Studying Applied Science in Germany
Applied Sciences at UAS combines engineering with chemistry, biology or physics.
An article by Anant Garwala
That is what it’s about
They find chemical compounds that protect against sweat for 48 hours in deodorant, extract active ingredients from ivy leaves to relieve coughs, or work on lasers that shoot gigantic amounts of data from satellite to satellite through space. Graduates from the field of Applied Sciences have learned to think like scientists and at the same time like engineers and to derive practical benefits from this. Applied Sciences includes physical engineering, biotechnological and biomedical courses, and applied chemistry or chemical engineering. The courses are mainly offered at universities of applied sciences. Some have English names like Chemical Engineering or Biotechnology. In these cases, the courses are usually taught in English. But English is also important for much of the technical literature and sometimes for the final theses that are often written in cooperation with companies. Therefore, there are often extra English lessons. Benedikt Braun, 21, has chosen Applied Biology. He studies the discipline at the Bonn-Rhein-Sieg University. So much is possible in biology these days, he says, and he is determined to get involved. "We combine knowledge from biology, physics and chemistry, and in the process we come up with completely new things, for example plastic made from biodegradable material," he says. In fact, there is a lot of overlap between the disciplines, and even later in their careers, graduates often work together on new developments.
This is how the course runs
Depending on how long ago you had a mathematics or chemistry lesson, some may have to take a deep breath first. "But if you can make it through the first year, you can make it through the rest," Heilmann says. Before the start of the degree, students can voluntarily take preliminary courses in order to close gaps in their knowledge. The concentrated theory that often awaits students in the first semesters surprises some of those who have chosen to obtain a degree from a university of applied sciences because of its practical orientation. Also, the interdisciplinary curriculum doesn't appeal to everyone right away. "I didn't enjoy some of that at all," says Benedikt Braun. "I'm very interested in biology, and then I had to attend a computer science lecture. I had to really push through some events." In addition to a basic understanding of technology and science, you need creativity and skill when it comes to putting theoretical knowledge into practice in the laboratories. Prospective bioengineers in particular sometimes underestimate the technical relevance of their studies. "Some people are fooled by the prefix bio and think that science is the main focus. In biotechnology, the technical side is just as important," explain Professor Wolfram Meusel. The applied natural sciences courses are rarely subject to admission restrictions. Occasionally, there are admission restrictions for bioengineers. In Aachen they were was most recently at a 2.9 grade range. Otherwise, the entrance qualification for universities of applied sciences is almost always sufficient, all applicants get a spot. This differs for a Master's degree, you often need at least a good 2 grade range average from your Bachelor's degree to be admitted.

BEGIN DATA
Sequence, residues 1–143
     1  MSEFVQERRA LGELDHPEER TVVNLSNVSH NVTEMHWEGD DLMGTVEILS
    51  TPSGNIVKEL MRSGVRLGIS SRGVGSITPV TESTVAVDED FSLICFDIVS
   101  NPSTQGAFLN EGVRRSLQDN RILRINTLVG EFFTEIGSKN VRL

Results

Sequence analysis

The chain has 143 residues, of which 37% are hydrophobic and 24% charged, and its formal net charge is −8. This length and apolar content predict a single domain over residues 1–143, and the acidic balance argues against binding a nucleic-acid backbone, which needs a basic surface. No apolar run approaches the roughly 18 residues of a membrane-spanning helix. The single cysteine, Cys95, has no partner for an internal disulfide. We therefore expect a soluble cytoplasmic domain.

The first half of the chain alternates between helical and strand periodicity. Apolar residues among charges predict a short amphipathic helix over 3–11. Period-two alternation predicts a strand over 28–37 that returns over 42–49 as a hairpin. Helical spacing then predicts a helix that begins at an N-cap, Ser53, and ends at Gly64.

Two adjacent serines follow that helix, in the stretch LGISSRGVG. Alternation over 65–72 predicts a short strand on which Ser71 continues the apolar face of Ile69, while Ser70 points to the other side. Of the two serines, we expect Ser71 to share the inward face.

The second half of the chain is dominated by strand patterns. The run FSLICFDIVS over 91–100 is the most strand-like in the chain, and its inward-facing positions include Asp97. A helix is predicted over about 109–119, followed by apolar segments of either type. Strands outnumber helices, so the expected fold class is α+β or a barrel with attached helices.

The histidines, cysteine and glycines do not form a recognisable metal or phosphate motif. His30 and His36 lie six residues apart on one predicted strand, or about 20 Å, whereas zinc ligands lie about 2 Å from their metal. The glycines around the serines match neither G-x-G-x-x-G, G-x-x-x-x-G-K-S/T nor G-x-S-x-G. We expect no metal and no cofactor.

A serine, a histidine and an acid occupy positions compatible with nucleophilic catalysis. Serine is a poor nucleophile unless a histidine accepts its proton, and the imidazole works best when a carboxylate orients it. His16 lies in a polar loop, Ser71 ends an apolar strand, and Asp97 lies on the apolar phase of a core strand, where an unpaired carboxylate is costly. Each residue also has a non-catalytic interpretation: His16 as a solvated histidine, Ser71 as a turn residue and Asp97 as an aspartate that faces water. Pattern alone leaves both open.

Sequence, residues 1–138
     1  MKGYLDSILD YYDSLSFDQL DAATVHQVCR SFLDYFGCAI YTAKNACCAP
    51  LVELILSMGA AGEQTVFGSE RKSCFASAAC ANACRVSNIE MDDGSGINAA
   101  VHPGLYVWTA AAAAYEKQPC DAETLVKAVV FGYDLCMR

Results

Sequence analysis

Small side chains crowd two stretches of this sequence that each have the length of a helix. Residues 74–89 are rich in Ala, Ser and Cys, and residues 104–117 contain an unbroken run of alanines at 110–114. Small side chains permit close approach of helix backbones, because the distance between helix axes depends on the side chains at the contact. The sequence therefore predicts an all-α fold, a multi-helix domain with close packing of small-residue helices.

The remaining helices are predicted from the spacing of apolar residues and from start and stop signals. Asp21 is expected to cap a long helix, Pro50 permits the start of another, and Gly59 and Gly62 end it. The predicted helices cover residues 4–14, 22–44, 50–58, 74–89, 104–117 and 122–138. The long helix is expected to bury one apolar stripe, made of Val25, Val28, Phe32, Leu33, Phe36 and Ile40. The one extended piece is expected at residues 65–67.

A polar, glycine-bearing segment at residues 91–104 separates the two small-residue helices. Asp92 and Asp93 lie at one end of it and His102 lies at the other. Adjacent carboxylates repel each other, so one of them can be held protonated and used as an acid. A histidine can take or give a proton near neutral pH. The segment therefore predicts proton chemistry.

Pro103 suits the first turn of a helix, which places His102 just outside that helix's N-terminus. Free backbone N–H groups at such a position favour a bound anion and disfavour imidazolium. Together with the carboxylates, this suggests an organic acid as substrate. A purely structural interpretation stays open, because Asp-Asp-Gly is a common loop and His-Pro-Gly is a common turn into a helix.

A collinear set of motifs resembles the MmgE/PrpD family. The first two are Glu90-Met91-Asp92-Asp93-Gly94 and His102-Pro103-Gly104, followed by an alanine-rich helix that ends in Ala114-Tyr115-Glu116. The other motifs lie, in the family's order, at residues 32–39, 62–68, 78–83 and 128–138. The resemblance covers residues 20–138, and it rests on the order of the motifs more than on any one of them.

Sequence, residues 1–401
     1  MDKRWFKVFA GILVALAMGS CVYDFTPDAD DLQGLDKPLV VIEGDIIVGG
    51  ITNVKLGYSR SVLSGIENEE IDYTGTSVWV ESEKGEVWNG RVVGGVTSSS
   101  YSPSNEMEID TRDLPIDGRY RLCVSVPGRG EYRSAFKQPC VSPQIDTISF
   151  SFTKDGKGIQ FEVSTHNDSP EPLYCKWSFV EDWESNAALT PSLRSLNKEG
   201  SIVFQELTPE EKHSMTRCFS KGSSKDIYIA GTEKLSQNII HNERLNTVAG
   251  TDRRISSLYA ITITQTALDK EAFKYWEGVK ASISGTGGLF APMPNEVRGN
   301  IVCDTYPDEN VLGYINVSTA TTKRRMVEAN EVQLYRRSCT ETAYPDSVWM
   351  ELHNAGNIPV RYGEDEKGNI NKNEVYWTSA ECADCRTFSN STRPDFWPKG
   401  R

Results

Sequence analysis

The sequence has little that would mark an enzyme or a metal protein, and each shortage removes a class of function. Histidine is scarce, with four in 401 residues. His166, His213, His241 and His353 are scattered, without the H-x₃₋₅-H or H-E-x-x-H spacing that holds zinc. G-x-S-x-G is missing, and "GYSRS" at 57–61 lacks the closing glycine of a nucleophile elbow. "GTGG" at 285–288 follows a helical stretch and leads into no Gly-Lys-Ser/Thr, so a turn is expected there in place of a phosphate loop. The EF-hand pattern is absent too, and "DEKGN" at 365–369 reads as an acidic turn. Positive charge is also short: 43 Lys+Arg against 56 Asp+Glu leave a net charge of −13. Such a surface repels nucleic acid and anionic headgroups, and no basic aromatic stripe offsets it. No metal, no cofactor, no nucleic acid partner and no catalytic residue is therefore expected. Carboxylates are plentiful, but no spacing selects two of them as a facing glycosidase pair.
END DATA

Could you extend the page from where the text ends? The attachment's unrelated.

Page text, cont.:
Typical questions raised within the subject
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